Hurdles that stalled passage of PIB, by Tayo Alasoadura

Senator Tayo Alasoadura has exposed the hurdles surmounted to pass the Petroleum Industry Bill (PIB) in the National Assembly.

Senator Tayo Alasoadura has exposed the hurdles surmounted to pass the Petroleum Industry Bill (PIB) in the National Assembly. He said the hurdles did not allow it to pass through the sixth and seventh Assembly despite the transparency and accountability it offers in the management of the nation’s petroleum resources.

Giving insight to the major problems confronting the petroleum Industry in Nigeria for over two decades, Alasoadura, who is the PIB sponsor and Chairman, Senate Committee on Petroleum Resources (Upstream), revealed this in Akure at the weekend when he got a commendation letter from the state Correspondent Chapel on assessment of his representation by the people of the state.

The bill, which was first introduced in 2008, drives to split Nigerian National Petroleum Corporation (NNPC) into Nigerian Petroleum Assets Management (NPAM) and National Oil Company (NOC).

He said the imbalance in the National Assembly, which often times make the vote from the northern senators to defeat the southern legislators; coupled with the efforts of oil lords who benefit from the situation, stalled the bill.

“The politics behind it, is more than what you have to do to get the bill passed. In fact, there was a day I was abused by a set of people who came to lobby me for the bill not to be passed.

“Unless you can withstand pressure, you won’t be able to do what I did. And by the time we were to take the bill to the floor of the house for passage, we booked three days because we thought it will be stormy.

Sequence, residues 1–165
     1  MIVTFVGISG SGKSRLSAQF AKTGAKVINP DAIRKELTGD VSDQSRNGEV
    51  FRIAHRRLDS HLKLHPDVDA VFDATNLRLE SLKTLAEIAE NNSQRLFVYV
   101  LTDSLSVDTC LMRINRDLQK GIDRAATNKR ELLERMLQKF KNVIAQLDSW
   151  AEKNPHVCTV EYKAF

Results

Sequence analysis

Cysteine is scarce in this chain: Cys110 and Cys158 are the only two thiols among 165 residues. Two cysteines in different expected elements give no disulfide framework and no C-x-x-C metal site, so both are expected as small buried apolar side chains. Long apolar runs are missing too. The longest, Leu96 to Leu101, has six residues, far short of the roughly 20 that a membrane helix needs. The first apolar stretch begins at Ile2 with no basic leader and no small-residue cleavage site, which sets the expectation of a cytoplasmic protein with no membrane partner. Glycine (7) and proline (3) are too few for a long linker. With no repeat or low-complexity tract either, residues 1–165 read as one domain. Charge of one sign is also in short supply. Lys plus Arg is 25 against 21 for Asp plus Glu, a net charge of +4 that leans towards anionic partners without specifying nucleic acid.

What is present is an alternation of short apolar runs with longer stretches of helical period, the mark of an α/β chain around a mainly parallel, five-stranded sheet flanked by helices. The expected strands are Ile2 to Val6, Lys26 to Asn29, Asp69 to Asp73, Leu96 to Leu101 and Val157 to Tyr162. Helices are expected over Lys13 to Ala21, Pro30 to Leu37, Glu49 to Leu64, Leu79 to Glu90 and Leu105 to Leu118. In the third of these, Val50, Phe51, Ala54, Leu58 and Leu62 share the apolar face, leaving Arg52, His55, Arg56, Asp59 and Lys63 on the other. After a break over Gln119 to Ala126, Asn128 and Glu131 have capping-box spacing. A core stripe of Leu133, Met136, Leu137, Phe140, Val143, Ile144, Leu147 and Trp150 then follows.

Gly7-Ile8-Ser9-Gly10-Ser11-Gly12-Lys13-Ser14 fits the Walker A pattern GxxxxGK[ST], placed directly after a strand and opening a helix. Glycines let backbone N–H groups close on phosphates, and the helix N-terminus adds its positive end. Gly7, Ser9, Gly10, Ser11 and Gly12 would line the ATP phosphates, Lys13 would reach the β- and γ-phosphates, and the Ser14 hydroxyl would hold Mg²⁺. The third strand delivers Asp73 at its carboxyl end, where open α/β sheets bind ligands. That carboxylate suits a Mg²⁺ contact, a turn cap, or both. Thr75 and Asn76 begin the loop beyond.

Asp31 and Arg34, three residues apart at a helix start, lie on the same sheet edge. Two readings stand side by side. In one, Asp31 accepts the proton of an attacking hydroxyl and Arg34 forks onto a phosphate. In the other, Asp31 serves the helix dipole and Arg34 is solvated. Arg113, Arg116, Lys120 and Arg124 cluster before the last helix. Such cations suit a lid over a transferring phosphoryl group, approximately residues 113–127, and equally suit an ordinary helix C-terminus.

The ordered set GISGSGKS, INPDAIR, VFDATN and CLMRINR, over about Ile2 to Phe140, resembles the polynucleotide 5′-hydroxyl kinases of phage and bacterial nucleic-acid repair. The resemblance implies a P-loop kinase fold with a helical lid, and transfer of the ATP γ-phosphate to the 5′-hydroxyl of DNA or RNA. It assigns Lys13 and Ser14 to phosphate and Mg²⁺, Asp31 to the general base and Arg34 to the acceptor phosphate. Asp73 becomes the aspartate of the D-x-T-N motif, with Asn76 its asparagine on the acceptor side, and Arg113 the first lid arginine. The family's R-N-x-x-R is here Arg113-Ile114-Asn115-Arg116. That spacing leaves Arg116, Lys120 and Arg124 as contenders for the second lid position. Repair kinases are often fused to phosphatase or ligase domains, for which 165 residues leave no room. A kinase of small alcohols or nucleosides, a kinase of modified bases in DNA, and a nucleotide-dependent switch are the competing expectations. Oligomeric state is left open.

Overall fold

“The South South wants everything, the North does not want it. So, when it comes to the floor of the Senate, it will die because the Northern Senators are more than the Southern senators.

“In the National Assembly, the politics there is different from that of your state. National Assembly is about lobby.’’ It is about getting people to support you. If they don’t support you, if you bring the best bill to the floor of the Senate, it will die,” he said.

“They offered me money but I said no, that the little money I have that God had provided for me is enough to cater for my wellbeing and that of my family.

“So the politics, lobby and so on from those who do not want the bill to see the light of the day was terrible. “But to the glory of God, the bill was passed in two hours because I did a lot of underground work like meeting people, convincing them about the need for it and areas where people feel they were not satisfied especially, the frontier oil exploration outside the South South.”

Alasoadura, who was the state Commissioner for Finance and Planning, explained further that PIB was subtly divided into four parts so as to overcome the initial hurdles to its passage.

The four new PIB bills, he listed to be: the Governance Bill, the Administration Bill, the Local Community Bill and the Fiscal Bill.
Consequently, he added that before the passage of the bill, 52 senators were already convinced and appended their signatures when they knew that all interests were mutually protected.

Meanwhile, the Catholic Church under the Caristas Nigeria and the Justice for Development and Peace Commission (JDPC) has called on the National Assembly to drop the proposed NGO bill saying it is a subtle way of promoting and protecting one religion by setting up a framework in which others might be persecuted.

A press statement by the National Director, Caritas Nigeria and JDPC, Rev. Fr. Evaristus Bassey, advised for more collaboration between House Committees and the leadership.

Caritas Nigeria and JDPC wondered why the House wants “to control NGOs instead of providing public financial support to NGOs as it’s done in many nations of the world. To this end, Caritas Nigeria and JDPC and other NGOs would only accept an NGO Bill that would guarantee public financial support especially to humanitarian NGOs without compromising the independence of the NGOs.”



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